YOU need to be extra resourceful when you are looking for a job in tough economic times. Here are five things you can do to boost your job search:

1. Ask the right question

Do not ask if your contact knows of a job opening. Instead, ask for his expert advice on your job hunt. Be specific about the kind of support you would like, such as:

"I would appreciate your looking over my resumé to see if Im showcasing my best strengths."

"Do you know anyone at XYZ Company? It is on my list of companies I would like to work for, and I would like to talk to someone there to get an insiders view."

"You have hired a lot of people through the years. Would you be willing to do a mock interview with me? I have not been in that situation for a long time."

"I want to change directions with my career. Would you brainstorm with me about how I can use my expertise in new arenas?"

2. Tell tales of triumphs

Think about your successes and be ready to tell stories that show you serving the customers, saving the day, solving the problem, leaping tall buildings in a single bound... you get the idea.

Use this formula to edit upbeat examples of your success. Stories stick, make you memorable and teach people to trust in your expertise.

Here is how you can tell a good story to your interviewer when he says: "Tell me about yourself."

* Focus on your talent

Example: "My strength is in managing multi-generational, multi-cultural teams."

* Share a situation

Example: "When my company merged its data centres in three locations, we were not getting the synergies and efficiencies we expected."

* Outline the problem

Example: "I soon realised that we had a big problem. Employees at one site were all men over 50 who were set in their ways. Employees at the other two sites were all fresh grads, both men and women, full of ideas and innovations, and from multi-racial backgrounds."

* Demonstrate a solution

Example: "I hired a highly recommended consultant/trainer who ran a two-day off-site programme that initiated a dialogue among all the diverse participants."

* Highlight the significance

Example: "The results were dramaticwe had decreased tension and increased productivity."

3. Party with strangers

The challenge for job hunters is to expand their contacts quickly.

Ask a long-time contact to have a party and invite only people you dont knowan instant way to beef up your job hunt contact list.

You probably think people are either networking contactsor not.

It is not that simple. Your network includes acquaintances, associates, actors, advocates and allies.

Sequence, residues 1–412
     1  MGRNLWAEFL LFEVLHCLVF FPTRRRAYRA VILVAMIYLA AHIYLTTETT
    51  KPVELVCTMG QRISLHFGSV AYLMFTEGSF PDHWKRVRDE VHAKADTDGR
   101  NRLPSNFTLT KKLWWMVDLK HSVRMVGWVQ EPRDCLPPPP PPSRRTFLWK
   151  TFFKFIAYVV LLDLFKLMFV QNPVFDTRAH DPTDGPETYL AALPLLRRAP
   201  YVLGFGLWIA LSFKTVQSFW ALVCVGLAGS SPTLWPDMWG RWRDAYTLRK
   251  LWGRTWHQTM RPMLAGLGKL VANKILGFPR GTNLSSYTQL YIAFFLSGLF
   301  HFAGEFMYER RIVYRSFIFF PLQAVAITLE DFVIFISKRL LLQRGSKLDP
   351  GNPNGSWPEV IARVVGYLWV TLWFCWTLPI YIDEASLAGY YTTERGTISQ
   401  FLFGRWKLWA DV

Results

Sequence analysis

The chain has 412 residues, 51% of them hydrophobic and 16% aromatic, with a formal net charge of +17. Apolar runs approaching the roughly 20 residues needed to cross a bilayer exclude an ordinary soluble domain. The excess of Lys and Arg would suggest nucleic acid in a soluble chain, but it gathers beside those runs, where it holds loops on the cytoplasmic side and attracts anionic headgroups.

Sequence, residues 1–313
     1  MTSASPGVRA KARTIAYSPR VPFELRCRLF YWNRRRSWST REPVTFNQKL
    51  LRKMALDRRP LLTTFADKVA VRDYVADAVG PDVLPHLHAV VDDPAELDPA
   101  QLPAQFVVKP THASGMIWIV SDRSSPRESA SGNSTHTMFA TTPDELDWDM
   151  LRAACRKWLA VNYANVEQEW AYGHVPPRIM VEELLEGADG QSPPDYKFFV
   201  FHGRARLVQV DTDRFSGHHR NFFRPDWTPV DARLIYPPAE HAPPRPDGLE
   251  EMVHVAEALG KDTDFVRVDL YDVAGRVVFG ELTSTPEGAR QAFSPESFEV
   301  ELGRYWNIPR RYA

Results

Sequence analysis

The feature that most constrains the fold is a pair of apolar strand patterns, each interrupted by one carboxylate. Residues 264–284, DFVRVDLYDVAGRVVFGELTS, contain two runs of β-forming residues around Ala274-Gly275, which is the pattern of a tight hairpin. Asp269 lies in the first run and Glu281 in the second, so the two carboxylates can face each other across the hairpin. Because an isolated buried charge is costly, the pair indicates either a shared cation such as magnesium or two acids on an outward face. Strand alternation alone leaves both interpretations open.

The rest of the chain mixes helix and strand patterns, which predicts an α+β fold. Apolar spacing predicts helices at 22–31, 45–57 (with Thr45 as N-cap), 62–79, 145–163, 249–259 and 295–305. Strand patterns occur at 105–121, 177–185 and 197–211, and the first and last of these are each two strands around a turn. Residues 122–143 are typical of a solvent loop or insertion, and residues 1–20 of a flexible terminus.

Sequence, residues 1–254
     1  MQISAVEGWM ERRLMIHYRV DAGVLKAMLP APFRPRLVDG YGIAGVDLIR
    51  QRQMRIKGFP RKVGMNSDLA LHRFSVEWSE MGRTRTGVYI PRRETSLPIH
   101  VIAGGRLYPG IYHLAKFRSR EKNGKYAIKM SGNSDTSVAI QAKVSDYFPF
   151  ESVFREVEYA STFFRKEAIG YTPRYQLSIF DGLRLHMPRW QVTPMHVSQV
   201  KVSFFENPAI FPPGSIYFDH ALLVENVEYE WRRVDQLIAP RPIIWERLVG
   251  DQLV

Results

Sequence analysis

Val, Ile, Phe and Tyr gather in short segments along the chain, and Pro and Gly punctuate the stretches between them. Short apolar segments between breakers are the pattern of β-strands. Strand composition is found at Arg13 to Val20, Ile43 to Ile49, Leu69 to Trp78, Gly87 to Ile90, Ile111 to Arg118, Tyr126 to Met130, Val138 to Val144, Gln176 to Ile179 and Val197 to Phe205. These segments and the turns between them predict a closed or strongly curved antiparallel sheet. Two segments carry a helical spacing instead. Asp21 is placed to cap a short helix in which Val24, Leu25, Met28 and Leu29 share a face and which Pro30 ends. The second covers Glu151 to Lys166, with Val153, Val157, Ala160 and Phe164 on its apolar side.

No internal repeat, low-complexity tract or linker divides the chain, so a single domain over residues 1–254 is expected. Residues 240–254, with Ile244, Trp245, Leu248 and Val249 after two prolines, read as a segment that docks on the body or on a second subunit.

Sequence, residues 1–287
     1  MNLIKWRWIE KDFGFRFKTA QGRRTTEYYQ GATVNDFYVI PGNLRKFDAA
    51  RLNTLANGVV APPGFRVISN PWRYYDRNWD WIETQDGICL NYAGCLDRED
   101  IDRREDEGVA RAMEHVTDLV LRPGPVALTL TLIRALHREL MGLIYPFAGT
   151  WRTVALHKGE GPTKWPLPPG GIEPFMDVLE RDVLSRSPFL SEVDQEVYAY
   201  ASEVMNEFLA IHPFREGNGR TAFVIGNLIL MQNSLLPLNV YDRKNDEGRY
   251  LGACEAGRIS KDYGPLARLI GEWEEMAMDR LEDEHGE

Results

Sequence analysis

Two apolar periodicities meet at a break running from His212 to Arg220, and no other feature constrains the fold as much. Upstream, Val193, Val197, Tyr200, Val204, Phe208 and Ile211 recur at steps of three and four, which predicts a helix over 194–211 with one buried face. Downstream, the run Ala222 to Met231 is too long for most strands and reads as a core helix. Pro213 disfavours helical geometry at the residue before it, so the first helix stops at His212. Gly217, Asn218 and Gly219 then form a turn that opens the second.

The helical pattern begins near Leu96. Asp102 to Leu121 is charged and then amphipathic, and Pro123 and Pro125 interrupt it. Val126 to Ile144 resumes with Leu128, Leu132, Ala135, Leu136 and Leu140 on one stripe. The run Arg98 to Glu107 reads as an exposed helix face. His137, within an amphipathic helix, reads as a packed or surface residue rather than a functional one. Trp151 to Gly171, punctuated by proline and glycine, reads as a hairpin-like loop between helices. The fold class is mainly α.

Acquaintances are people you have met through someone else, such as your neighbours boss or your wifes best friend in high school.

Associates are people who share membership in a group you belong to, such as your neighbours, your health club buddies or your professional association co-members.

Actors are people with whom you are exchanging valuable information or resources or have done so in the past.

Allies are the very few people who are interested in furthering your career and are part of your lifefor example, a former boss with whom you consult on career decisions.

Acquaintances are especially valuable when you are job-hunting because they can be bridges into circles you are not known in.

4. Show Uncle Fred your resumé

Sit down with members of your family whom you can talk to about your resumé and career success stories. Do the same thing with leisure-time contacts, neighbours and friends. They probably do not really know what you do and whether you are good at it.

This exercise will help you translate your experience and expertise from the jargon of your profession into a language that anyone can understand. And it will force you to focus on the bottom-line benefits of what you do.

For example, if you are a health information systems analyst, you will have to explain that you look at information from emergency rooms in all the hospitals in a region to find patterns of illness that indicate an epidemic.

5. Minimise the risk of helping you

Handing someone your resumé and asking him to pass it along rarely works.

Recognise that people will not help you find a job until they trust that you will not reflect poorly on them.

Think about the metaphors: You are asking them to go out on a limb, put their good name on the line and stick their necks out.

Make helping you comfortable by teaching your contacts about your character and competencethe building blocks of trust. Tell career stories that they can remember easily and relate to their contacts.